People who rescue dogs and cats deserve a thank you for what they do. A rescue animal may come with scars and behavior that takes patience, love, kindness and warmth to work through, or it may be fine and simply needs help finding a forever home. The individuals and groups who offer the love and dedication necessary to help these pets get treatment or healing and help them find a new forever home, are a very special breed of human being. To deal with the issues some rescue animals have takes strength and courage as well as understanding, persistence and dedication.
Whatever the reason a dog or cat is in need of rescue, the people and organizations who help rehome them deserve praise that is often left unspoken. We as humans are the guardians of these beautiful, loyal and loving creatures. Animal rescuers take that a step further and practice the best of human kindness to fight for those creatures who cannot speak for themselves.
This poem about rescue pets was written from the animal’s point of view.
It takes a certain kind of heart to rescue dogs, and Diane Perrigo is all about that kind of heart. Living between two countries, Diane and her husband Alan have spread the care across the border as well, spending time in both California and Baja, Mexico.
Diane remembers having dogs as part of her family when she was growing up, including a St. Bernard and Dachshunds that were pheasant hunting dogs of her fathers, but the importance of rescuing dogs in need did not hit home until about 20 years ago.
Her basic philosophy behind her dog rescue efforts is, “If I can help get a dog in need to a good home, I want to.” Her time and efforts include offering temporary foster care, transportation for dogs on their way to a new forever home, and helping to find a home for dogs in need. “I want to prevent the unnecessary killing of so many unwanted, abused or neglected dogs,” she told me. She believes that somewhere there is a home for each of these dogs, and she wants to help find them that home. Over the years, Diane has helped rehome dozens of dogs.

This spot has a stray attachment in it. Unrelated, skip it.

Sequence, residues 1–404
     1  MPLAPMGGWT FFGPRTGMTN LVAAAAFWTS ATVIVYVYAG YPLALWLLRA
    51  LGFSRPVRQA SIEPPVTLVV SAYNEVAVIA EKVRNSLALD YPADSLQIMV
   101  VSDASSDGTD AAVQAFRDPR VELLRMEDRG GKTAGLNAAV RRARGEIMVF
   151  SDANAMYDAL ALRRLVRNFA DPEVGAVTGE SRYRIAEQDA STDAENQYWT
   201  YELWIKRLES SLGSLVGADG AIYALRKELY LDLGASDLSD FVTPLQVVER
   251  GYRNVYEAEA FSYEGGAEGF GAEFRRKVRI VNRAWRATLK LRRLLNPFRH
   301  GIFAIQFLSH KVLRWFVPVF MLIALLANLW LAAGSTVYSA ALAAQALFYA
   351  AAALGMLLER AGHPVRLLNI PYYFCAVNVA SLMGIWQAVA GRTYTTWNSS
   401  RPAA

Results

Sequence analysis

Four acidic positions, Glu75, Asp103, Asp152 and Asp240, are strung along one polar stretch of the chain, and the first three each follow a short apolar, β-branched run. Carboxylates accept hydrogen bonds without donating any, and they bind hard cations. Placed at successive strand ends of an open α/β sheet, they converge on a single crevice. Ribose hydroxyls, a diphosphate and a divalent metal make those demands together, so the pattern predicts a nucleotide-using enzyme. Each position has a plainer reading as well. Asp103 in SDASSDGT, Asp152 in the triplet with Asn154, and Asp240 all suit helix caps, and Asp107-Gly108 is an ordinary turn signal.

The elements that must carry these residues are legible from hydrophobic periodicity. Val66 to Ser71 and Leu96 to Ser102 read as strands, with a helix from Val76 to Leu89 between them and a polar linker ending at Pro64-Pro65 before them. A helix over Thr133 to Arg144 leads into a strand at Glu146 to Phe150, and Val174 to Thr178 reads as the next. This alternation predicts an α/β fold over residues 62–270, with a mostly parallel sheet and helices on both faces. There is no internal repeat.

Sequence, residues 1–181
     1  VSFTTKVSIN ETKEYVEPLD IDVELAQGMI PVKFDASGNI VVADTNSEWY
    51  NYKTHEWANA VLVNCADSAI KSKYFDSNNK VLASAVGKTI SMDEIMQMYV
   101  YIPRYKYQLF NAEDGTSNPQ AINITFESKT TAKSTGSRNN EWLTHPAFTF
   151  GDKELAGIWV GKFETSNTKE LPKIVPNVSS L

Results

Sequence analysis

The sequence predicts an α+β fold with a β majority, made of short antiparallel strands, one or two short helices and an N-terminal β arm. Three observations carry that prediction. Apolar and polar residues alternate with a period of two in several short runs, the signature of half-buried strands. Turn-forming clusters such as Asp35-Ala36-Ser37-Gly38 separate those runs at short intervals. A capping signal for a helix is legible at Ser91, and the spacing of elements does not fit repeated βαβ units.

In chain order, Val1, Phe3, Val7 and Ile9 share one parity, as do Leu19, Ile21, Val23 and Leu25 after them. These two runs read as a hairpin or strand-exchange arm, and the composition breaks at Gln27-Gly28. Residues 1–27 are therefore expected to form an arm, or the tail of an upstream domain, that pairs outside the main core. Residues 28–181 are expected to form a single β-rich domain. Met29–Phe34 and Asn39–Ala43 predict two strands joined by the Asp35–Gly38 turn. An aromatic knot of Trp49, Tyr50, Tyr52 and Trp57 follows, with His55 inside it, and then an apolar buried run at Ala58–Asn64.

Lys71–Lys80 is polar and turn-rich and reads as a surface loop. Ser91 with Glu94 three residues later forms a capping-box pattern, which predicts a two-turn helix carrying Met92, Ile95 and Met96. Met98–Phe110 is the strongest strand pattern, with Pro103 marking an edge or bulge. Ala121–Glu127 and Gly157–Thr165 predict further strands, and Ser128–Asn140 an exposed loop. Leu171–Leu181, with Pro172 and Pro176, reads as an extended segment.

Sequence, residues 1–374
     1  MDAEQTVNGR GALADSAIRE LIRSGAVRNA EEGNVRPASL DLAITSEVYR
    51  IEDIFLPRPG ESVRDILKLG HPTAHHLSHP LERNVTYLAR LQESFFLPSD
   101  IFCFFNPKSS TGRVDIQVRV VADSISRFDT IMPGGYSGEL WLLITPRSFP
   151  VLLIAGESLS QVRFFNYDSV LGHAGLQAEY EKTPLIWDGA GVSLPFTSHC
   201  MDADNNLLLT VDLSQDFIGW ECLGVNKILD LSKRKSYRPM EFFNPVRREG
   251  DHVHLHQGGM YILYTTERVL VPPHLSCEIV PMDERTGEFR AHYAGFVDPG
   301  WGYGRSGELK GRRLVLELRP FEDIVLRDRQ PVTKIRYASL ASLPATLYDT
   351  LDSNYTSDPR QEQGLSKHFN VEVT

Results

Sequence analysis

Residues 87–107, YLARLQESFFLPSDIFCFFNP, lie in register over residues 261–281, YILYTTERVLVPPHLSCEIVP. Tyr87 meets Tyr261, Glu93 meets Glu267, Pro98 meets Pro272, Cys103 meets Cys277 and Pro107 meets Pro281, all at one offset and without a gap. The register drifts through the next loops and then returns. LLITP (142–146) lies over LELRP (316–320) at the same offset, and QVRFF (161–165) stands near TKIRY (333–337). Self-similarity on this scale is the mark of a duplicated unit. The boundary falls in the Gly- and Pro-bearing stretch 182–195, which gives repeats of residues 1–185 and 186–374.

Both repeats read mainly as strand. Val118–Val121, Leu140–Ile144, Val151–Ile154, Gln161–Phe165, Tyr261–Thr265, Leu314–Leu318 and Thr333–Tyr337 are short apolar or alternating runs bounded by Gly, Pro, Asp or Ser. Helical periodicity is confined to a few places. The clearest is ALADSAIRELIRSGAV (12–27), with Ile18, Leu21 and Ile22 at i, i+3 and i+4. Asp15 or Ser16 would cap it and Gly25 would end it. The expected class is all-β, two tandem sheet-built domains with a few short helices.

(CANIDAE loves rescue pets! They are running a “rescue” themed photo contest this month, and three lucky pet owners will each win a six month supply of premium quality CANIDAE food for their dog or cat. The details are at the end of this article.)
It is a wonderful idea to adopt a dog or cat in need of rescue. Every animal deserves a chance at a good life with a loving family. For a dog or cat lover, it’s a natural thing to want to give a home to an animal in need. Realistically though, it’s a good idea to look for one that is well suited to your life and living situation, and not just adopt because the animal is cute and in need. The relationship is for a lifetime, so it’s important to determine if a particular dog or cat is the right fit for you. Here are some things to consider.
The Pet’s History
No matter the age of the dog or cat, you are adopting an animal with a history of some kind. In the case of homeless, deserted or abused animals, they may arrive with behaviors that take some adjusting and retraining. Because of their past treatment, a rescue animal may have issues that require a special kind of patience to help overcome.
The personal opinions and/or use of trade, firm, corporation or brand names, in this blog is for the information and convenience of the reader. Such use does not constitute an official endorsement or approval by CANIDAE® Natural Pet Food Company of any product or service to the exclusion of others that may be suitable. All opinions in this blog are those of the individual authors and not necessarily of CANIDAE® Natural Pet Food Company.